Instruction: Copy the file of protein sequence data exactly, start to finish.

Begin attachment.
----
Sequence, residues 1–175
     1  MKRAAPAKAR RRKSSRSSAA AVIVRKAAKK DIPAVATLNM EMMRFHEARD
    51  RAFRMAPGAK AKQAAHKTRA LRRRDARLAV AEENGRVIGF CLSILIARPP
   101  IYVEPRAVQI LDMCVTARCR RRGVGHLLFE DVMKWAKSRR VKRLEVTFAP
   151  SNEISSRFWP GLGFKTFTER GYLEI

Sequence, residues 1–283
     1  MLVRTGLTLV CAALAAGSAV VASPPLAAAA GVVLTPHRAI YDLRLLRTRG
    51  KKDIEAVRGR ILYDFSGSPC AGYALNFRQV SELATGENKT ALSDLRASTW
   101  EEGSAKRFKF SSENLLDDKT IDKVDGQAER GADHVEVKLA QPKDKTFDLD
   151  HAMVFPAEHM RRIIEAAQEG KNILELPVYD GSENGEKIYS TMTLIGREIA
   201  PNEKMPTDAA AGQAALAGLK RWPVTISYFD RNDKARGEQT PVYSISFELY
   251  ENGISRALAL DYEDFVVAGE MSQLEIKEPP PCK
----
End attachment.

Sequence, residues 1–175
     1  MKRAAPAKAR RRKSSRSSAA AVIVRKAAKK DIPAVATLNM EMMRFHEARD
    51  RAFRMAPGAK AKQAAHKTRA LRRRDARLAV AEENGRVIGF CLSILIARPP
   101  IYVEPRAVQI LDMCVTARCR RRGVGHLLFE DVMKWAKSRR VKRLEVTFAP
   151  SNEISSRFWP GLGFKTFTER GYLEI

Sequence, residues 1–283
     1  MLVRTGLTLV CAALAAGSAV VASPPLAAAA GVVLTPHRAI YDLRLLRTRG
    51  KKDIEAVRGR ILYDFSGSPC AGYALNFRQV SELATGENKT ALSDLRASTW
   101  EEGSAKRFKF SSENLLDDKT IDKVDGQAER GADHVEVKLA QPKDKTFDLD
   151  HAMVFPAEHM RRIIEAAQEG KNILELPVYD GSENGEKIYS TMTLIGREIA
   201  PNEKMPTDAA AGQAALAGLK RWPVTISYFD RNDKARGEQT PVYSISFELY
   251  ENGISRALAL DYEDFVVAGE MSQLEIKEPP PCK